“The European Court of Justice in the Helsinki Concordia Bus case (c-513199) decided that “factors which are not purely economic may influence the value of a tender from the point of view of the contracting authority”.
Hackney Citizen has asked the Council whether Best Value legislation was taken into account when determining the salaries of Hackney Council’s highest paid officers, who have ultimate responsibility for negotiating and managing Council contracts and is awaiting its response.
According to the Town Hall Rich List, a report by the Taxpayers’ Alliance, the highest paid council officers include:
Chief Executive £117,956
Corporate Directors of:
Community Services £131,698
Neighbourhood and Regeneration £131,698
Legal and Democratic Services £131,698
Customer and Corporate Services £131,698
Finance and Resources £131,698
Deputy Directors of:
Children and Young People £107,469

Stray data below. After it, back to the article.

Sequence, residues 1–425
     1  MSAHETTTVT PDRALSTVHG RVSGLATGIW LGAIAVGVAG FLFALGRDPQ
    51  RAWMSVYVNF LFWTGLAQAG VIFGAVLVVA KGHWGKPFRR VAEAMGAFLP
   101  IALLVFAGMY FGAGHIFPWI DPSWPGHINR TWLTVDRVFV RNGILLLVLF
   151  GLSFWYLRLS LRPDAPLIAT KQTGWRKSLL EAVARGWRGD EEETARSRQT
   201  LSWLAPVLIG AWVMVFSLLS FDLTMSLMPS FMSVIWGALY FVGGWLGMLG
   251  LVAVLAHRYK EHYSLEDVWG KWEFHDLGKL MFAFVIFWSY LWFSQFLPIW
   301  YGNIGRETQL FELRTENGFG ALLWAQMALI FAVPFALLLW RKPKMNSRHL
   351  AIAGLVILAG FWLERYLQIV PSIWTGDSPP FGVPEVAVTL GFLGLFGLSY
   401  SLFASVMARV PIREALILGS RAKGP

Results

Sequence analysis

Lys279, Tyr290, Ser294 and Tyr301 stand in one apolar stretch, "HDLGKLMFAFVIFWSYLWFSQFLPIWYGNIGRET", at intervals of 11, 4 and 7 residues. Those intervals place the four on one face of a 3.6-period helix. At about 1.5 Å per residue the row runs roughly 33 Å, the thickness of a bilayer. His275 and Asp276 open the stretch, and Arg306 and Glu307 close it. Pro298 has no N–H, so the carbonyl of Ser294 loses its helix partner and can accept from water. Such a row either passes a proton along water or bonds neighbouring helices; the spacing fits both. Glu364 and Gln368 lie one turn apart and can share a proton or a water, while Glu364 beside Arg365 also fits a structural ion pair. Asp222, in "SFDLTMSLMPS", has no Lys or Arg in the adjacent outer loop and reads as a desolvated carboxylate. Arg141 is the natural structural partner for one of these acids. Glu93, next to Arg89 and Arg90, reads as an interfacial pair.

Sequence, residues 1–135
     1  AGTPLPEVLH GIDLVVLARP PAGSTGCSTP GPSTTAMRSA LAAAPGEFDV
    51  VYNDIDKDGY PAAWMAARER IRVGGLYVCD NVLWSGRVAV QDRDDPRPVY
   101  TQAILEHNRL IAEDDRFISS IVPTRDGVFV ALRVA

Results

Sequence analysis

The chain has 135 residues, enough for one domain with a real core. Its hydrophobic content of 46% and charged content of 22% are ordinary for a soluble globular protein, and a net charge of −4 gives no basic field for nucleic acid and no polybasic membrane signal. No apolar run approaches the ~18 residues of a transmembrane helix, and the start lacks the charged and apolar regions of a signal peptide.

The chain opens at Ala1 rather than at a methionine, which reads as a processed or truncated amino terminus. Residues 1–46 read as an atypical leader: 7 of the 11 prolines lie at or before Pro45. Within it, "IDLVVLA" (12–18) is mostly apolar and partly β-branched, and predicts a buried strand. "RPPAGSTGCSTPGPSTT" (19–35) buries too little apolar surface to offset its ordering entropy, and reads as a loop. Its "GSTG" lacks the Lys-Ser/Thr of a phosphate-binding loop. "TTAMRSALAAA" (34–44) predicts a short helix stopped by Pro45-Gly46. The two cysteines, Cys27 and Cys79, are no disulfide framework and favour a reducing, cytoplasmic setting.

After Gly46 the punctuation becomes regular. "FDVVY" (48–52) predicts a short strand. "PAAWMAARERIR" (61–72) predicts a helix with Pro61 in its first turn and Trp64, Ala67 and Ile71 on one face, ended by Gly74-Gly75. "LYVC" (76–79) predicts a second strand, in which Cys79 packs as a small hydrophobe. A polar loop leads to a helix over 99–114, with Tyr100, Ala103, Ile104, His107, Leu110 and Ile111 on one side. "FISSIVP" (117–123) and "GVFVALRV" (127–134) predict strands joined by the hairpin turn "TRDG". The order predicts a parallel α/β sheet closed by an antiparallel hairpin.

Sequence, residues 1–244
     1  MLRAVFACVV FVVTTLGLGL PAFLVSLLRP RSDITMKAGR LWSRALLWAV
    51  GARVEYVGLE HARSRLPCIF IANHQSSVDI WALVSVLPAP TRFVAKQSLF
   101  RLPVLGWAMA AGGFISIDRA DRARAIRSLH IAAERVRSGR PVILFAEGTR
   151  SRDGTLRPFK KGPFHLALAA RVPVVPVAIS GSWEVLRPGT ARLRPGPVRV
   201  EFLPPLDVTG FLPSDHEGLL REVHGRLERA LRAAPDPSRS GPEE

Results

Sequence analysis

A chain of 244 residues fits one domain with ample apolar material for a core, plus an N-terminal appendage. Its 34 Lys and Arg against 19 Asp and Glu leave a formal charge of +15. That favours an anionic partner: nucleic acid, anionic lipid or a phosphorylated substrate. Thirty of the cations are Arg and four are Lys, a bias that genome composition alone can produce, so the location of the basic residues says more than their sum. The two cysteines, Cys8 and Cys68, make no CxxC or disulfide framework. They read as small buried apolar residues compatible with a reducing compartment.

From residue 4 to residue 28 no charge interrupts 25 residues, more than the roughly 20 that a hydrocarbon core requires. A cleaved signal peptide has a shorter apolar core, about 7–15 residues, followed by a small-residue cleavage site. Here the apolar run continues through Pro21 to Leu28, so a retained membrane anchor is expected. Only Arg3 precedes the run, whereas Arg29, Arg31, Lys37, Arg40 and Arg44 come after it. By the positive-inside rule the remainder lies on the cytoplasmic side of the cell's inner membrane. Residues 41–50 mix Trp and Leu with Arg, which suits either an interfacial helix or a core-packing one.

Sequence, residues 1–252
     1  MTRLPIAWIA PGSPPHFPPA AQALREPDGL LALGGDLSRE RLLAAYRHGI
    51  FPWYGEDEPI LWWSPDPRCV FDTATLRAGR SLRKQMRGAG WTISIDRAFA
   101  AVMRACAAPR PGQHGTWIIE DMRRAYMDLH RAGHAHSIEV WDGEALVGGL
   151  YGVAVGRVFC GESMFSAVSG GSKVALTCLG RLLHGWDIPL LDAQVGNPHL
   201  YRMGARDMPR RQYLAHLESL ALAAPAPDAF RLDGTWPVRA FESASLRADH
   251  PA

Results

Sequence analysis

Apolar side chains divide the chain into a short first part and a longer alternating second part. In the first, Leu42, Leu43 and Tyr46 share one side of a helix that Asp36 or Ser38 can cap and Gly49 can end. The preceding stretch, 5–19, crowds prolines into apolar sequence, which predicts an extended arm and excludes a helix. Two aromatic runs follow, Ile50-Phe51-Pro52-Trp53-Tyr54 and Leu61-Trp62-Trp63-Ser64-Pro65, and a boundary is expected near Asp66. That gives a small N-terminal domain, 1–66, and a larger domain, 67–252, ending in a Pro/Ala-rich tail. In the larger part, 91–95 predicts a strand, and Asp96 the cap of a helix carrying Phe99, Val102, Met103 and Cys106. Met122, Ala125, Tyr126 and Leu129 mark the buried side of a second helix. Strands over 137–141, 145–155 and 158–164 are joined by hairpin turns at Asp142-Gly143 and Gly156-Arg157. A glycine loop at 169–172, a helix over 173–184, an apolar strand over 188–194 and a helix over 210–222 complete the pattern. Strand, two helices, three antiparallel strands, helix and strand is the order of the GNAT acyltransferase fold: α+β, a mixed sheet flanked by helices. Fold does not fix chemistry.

Neighbourhood and Regeneration (Acting) £107,469
Community Services (Acting) £107,469
Update: Hackney Council responded 6.10pm Tuesday 4 May.
A spokesman said, “Like all local authorities, Hackney has to ensure it achieves best value in its use of resources.
“The Council needs talented people to deliver consistently improving services for residents and businesses whilst ensuring value for money – the government announced last year that Hackney had achieved the country’s third highest total of efficiency savings.
“Salaries are in line with other London authorities, and represent a tiny fraction of the workforce of over 3,700 and the gross budget of over £1 billion.”